Members of the Brookfield village board on June 26 gave their blessing to a one-day “Jazz in the Park” event sponsored by the Brookfield Special Events Committee, one of several events this summer the village hopes will draw Brookfield residents in the wake of the board’s decision to cancel Brookfest.
The free jazz event is scheduled for Sunday, Sept. 17 and will run from roughly 1 p.m. to 7 p.m. in Kiwanis Park, located at Brookfield and Arden avenues. Originally, the event was envisioned as a jazz and art/collectibles event, but has been scaled back to music only and is being billed as a “Ravinia-type” affair, where concert goers will be encouraged to pack picnics and bring their own beer and wine.
“It’s become pretty simplified,” said Ian Tiele, a Special Events Committee member and moving force behind the Jazz in the Park event. “There was originally talk of doing a two-day thing, but that wasn’t viable this year in terms of time to organize it. If it’s successful, I could see it developing into a Brookfield Jazz Festival.”
That would suit Tiele just fine. As founder and president of the Brookfield Jazz Society, which celebrated its one-year anniversary in March, Tiele said he would like to recreate the “feel-good feeling” depicted in the film “Jazz on a Summer’s Day,” which immortalized the 1958 Newport Jazz Festival. Though he knows Brookfield could never duplicate that vibe, he’d like to emulate it.
“I want to recreate that kind of feel-good feeling,” Tiele said. “I’m a great believer in [the motto] if you make sure the musicians enjoy themselves, then the people in the audience are definitely going to enjoy themselves.”
Although Tiele said he has not booked the bands yet, he has been unofficially pitching the idea to musicians. Ideally, he said, he like to present a cross section of jazz styles, from traditional to big band to contemporary. Since last September, Tiele has been making Brookfield something of a destination for jazz musicians through live events sponsored by the Brookfield Jazz Society monthly at Irish Times.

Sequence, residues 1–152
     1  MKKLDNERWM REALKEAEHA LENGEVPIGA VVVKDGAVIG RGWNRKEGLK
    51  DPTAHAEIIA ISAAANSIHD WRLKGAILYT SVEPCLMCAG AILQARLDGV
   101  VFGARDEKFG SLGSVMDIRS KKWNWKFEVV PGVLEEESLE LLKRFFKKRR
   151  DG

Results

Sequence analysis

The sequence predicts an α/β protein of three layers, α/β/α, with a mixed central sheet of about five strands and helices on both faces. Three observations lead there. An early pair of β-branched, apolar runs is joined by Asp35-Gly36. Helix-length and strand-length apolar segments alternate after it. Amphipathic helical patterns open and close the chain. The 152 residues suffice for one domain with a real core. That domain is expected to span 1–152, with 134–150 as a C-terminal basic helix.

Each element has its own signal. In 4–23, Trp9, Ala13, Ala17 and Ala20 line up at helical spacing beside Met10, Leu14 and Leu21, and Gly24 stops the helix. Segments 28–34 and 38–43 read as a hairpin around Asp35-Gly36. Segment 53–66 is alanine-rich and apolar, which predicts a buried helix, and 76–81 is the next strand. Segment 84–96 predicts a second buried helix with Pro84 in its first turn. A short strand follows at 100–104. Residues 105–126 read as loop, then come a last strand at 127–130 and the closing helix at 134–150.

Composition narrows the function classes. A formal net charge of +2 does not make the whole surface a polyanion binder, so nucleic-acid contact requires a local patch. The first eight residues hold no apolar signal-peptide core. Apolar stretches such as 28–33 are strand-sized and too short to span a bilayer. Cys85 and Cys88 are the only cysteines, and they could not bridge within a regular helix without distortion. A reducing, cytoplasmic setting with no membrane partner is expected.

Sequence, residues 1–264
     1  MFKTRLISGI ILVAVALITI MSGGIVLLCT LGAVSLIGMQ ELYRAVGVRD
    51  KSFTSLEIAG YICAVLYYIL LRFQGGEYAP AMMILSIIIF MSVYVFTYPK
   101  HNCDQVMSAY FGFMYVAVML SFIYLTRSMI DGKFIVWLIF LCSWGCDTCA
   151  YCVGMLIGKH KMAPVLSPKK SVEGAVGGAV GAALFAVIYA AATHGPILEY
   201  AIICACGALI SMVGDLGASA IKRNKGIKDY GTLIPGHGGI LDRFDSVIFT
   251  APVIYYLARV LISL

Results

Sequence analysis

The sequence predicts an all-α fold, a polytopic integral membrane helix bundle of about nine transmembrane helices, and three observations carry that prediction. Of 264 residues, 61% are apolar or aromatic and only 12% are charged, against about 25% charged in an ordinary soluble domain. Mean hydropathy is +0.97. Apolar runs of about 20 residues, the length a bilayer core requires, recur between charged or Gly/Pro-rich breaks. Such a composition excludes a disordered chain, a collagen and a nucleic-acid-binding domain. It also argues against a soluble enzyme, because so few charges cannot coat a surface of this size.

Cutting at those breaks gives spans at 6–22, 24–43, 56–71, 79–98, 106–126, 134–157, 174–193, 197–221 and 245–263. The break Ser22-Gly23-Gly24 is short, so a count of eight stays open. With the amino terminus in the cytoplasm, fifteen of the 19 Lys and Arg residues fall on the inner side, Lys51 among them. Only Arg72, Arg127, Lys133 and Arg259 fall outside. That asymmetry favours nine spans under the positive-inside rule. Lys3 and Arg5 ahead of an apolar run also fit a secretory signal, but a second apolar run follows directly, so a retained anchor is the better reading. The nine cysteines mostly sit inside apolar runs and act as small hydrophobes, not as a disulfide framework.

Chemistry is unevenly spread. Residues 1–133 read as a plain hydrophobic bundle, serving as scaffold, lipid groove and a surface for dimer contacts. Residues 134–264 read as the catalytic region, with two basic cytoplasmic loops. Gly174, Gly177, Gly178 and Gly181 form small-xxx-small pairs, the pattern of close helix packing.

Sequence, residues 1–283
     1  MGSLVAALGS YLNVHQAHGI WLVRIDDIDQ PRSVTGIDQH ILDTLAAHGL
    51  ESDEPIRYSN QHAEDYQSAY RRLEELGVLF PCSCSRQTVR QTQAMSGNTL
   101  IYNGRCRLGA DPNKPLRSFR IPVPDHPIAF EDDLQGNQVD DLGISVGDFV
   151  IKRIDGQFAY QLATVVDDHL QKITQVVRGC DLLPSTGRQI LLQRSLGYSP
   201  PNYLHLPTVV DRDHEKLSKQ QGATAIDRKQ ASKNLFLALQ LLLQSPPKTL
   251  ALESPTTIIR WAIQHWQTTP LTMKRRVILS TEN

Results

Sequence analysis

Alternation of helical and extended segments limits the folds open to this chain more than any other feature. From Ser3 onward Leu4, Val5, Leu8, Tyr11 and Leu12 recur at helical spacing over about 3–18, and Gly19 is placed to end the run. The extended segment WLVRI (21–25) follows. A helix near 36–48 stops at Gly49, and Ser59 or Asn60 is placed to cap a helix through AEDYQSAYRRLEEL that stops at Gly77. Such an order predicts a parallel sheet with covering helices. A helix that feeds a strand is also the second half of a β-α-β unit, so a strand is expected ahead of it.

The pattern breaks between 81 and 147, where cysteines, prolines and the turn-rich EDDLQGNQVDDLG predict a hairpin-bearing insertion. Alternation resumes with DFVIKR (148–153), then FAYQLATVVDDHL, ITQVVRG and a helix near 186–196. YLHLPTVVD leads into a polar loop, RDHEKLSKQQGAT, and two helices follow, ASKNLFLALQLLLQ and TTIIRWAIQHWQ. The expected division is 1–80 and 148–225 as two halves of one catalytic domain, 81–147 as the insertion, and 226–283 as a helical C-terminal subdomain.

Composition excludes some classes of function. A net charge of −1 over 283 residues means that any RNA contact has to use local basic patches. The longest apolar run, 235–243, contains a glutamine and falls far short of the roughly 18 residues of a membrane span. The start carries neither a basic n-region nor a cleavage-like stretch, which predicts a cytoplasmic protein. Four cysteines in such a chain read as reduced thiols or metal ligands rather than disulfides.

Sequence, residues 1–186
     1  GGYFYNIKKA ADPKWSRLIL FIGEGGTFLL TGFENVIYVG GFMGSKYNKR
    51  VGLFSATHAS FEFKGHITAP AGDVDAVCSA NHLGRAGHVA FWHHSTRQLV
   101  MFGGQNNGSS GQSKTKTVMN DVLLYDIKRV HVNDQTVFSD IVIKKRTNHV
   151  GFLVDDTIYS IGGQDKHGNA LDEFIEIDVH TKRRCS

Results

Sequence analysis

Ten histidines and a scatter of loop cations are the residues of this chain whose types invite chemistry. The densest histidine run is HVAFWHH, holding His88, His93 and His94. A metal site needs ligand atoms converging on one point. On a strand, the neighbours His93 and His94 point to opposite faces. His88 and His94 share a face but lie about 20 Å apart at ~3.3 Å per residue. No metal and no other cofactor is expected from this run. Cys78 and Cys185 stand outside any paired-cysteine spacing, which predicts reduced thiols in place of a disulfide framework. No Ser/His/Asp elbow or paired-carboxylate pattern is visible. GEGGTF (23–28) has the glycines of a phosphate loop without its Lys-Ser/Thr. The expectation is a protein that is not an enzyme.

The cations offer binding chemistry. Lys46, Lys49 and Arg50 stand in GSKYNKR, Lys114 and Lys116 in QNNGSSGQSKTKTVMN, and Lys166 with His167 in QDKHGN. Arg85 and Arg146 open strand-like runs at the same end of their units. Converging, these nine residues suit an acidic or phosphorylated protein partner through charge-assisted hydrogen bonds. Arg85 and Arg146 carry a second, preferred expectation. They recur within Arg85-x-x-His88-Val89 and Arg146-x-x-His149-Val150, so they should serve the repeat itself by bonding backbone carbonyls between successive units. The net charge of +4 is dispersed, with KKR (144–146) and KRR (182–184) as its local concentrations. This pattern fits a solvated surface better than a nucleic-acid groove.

“There’s been a lot of interest from a lot of bands,” Tiele said. “The problem is that there’s so much talent around it’s hard to choose. If we took everybody on, we’d have an eight-day festival.”
According to Arlene Rovner, the Brookfield Recreation department’s liaison to the Special Events Committee, the set up for the Jazz in the Park event will be similar to a Battle of the Bands held in May. While concert goers are asked to bring their own beer and wine, Rovner said that the event would include a couple of food vendors.
In all the event should cost the village less than $10,000 to host. The majority of the funds will go toward the four or five bands that will be booked. It’s unlikely that the event will receive much advertising outside of Brookfield, which is likely to keep the crowd at a manageable size.
“I think the village board wanted to bring in a low-key event, not one that would attract a lot of people from other areas,” Tiele said. “Attendance is not going to be a factor of whether it’s on again. Everyone I’ve talked to is very enthusiastic about the idea. I think it’ll be a great success.”